I did a lot of needless yapping before realizing this simple truth: People don’t pay much attention to what you say, all that matters is What You DO.
Want to be a writer?
Want to be a painter?
Want to be a photographer?
Now you are one.
The Rest of the Story >>>
It’s really as simple and as complicated as that. People only recognize us for what we DO, not what we say. If Elton John merely told everyone he was a singer but never sang in public most would’ve thought him to be mad.
There are millions of examples – people singing in subway stations, guitarists on the street with the case open for a few coins, painters set up in the public park. I see that and think “there’s a musician” or “there’s an artist” not “there’s a bum.”
When I hear this from my friends it upsets me:
“Oh I would love to be a writer, but I am too busy with work (or kids or school…).” I say if you REALLY had a passion to write you’d find time to do it, even a little bit.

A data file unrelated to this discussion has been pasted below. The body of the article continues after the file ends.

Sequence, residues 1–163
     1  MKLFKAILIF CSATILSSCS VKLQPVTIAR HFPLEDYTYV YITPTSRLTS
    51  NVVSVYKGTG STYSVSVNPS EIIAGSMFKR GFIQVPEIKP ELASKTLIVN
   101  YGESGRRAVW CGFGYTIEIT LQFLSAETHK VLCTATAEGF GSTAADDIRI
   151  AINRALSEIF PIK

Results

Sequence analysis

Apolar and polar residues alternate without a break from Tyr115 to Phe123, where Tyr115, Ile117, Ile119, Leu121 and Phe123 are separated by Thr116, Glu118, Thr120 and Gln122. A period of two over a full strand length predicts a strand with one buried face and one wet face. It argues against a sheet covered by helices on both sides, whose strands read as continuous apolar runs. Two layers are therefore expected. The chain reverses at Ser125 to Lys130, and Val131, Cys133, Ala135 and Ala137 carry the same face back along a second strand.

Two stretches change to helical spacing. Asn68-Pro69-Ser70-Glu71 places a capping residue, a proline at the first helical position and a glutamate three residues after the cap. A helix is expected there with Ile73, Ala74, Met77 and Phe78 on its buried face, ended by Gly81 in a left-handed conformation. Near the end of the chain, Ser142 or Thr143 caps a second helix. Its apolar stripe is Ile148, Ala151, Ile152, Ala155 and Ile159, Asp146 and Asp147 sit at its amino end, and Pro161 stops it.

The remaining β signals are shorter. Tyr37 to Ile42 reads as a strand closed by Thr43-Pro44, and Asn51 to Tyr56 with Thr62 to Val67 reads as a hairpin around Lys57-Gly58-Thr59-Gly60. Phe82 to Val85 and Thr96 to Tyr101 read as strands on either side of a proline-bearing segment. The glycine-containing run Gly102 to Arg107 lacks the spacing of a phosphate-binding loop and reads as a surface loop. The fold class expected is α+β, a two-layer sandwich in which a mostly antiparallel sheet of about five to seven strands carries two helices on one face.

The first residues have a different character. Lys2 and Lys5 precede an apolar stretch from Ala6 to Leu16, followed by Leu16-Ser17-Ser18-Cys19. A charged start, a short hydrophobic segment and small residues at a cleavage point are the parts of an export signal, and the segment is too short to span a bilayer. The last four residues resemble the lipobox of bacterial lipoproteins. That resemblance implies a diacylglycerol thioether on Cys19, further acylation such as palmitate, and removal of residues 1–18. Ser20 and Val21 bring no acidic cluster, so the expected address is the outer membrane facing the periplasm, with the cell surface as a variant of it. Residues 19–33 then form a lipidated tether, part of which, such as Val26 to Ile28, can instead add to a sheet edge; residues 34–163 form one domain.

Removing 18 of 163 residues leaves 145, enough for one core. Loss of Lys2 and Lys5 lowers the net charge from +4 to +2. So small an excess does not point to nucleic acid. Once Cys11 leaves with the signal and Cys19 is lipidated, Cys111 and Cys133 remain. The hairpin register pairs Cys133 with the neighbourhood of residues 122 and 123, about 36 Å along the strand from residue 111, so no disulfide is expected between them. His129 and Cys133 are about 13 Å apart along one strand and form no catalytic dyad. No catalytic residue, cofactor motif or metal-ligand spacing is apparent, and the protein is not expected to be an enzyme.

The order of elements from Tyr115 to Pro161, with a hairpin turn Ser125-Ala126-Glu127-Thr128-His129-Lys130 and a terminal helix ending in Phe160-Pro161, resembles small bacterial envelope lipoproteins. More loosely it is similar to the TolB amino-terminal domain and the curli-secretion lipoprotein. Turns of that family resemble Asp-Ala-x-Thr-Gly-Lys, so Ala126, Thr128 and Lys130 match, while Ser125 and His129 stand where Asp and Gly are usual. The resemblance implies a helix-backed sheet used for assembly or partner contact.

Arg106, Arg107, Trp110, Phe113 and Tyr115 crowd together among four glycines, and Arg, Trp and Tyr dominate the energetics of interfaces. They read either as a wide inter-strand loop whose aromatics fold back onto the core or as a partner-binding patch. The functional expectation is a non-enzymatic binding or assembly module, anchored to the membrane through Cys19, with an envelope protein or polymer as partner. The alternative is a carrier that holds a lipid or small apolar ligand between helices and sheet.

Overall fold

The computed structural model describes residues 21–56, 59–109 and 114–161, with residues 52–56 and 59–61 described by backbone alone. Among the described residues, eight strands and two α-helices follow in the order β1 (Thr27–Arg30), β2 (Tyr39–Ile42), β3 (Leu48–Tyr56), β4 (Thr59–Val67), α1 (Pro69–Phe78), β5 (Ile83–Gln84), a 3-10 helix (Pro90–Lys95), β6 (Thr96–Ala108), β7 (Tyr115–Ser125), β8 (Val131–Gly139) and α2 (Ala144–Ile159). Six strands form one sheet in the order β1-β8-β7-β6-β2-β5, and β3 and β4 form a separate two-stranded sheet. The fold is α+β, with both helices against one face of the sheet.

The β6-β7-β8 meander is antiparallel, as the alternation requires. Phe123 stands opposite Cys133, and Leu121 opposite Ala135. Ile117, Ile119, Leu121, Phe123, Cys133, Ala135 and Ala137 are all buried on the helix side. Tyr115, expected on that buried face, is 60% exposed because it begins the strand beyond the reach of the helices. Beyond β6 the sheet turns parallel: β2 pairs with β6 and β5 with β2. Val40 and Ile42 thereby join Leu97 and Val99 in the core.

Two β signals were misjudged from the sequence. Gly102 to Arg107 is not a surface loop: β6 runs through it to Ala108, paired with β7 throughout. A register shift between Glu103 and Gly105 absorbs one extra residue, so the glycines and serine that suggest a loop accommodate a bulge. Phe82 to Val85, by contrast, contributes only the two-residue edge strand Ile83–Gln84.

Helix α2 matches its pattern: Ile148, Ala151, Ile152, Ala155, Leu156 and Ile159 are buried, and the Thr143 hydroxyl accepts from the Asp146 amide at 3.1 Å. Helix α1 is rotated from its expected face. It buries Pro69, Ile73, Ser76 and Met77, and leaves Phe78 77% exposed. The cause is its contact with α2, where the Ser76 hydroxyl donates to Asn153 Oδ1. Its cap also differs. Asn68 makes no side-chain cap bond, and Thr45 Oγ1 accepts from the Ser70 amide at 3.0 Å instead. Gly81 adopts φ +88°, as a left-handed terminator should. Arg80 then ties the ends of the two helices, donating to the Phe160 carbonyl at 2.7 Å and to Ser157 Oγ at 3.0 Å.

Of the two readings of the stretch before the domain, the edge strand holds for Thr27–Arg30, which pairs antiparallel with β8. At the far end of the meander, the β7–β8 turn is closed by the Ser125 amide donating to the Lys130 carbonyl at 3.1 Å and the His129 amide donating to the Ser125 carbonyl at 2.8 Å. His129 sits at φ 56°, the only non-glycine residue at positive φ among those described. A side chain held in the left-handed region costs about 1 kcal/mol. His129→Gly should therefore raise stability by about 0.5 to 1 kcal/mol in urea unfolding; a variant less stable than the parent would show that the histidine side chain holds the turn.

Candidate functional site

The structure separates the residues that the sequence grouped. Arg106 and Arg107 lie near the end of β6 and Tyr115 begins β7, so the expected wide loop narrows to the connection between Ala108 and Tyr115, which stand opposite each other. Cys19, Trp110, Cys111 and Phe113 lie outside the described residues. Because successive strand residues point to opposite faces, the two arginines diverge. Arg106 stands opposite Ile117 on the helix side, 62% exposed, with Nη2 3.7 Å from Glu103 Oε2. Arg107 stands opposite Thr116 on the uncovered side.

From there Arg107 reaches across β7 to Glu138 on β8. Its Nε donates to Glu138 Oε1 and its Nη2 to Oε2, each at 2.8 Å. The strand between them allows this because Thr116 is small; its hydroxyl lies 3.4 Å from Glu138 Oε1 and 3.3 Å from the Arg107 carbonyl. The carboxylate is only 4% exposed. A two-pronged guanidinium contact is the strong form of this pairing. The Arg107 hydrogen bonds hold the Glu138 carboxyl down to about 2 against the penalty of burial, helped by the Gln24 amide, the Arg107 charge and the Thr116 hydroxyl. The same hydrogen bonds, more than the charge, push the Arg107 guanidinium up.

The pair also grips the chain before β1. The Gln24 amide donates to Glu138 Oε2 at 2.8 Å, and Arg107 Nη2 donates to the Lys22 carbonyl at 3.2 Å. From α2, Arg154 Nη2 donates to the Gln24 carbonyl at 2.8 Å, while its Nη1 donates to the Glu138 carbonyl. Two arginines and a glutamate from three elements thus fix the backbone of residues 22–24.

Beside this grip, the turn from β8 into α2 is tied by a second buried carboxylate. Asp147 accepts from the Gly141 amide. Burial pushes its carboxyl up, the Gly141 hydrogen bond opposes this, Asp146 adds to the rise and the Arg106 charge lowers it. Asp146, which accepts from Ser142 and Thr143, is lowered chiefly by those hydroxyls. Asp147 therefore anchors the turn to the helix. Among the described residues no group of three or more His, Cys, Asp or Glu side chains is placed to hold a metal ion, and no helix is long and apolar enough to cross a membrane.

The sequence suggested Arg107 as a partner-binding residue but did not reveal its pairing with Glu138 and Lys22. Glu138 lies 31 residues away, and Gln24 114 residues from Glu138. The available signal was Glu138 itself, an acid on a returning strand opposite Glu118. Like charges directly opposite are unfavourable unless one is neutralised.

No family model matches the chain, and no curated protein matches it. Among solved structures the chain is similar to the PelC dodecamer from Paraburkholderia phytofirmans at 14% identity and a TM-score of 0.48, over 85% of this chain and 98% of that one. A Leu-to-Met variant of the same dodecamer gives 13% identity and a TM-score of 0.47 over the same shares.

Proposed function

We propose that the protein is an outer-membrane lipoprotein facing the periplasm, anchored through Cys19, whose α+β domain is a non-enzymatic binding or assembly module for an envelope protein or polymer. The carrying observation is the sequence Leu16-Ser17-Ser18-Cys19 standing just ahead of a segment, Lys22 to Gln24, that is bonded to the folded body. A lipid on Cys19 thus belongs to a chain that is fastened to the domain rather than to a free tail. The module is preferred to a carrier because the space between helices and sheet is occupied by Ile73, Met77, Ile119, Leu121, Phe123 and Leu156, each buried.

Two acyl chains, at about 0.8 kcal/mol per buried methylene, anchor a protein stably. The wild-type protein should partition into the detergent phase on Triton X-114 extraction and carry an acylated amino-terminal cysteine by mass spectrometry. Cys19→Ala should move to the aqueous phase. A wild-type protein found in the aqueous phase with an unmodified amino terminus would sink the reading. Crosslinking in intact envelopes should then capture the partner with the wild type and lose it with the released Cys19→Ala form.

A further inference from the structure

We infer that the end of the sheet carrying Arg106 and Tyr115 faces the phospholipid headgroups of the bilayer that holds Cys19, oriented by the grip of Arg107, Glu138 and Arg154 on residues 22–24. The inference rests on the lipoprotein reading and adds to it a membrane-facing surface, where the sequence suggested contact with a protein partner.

Recently I read “On Writing” by Steven King, an excellent book of insight to writers, but also a message about desire and discipline.
Desire is important as without it, you won’t stick with anything because your lack of desire dictates that the effort will mean nothing.
Discipline is crucial and my most difficult challenge because it is required to take something (anything) from a “I wish I could be a _______(writer, musician, performer, gardener, cook etc…)” to
“I AM a writer (insert endeavor of your choice.” Any skill or art worth having takes time to develop and a consistent effort to “make it happen.” This is something I struggle with for this blog. I am committed to posting at least twice a week and to do that I must sit down and DO IT, every week. It’s difficult amidst the constant clamor of daily life.
Often people don’t see themselves in this light because they don’t make money at their craft. But here’s the flaw: The great ones are those that pursue their craft, their art or their passions whether or not anyone is watching. They feel compelled to write (or paint or garden or whatever…) as part of their “inner being” or that it’s a God given talent that must be utilized to please their maker. It’s something that’s part of them, deeper than a wishful thought.
I am not here to preach, just wondering: Does this mean anything to you?
Two weeks ago I wrote Focus on What You CAN do, Not What You Can’t and today’s post is an extension of that thought. I hope you enjoy it, thanks for tuning in.
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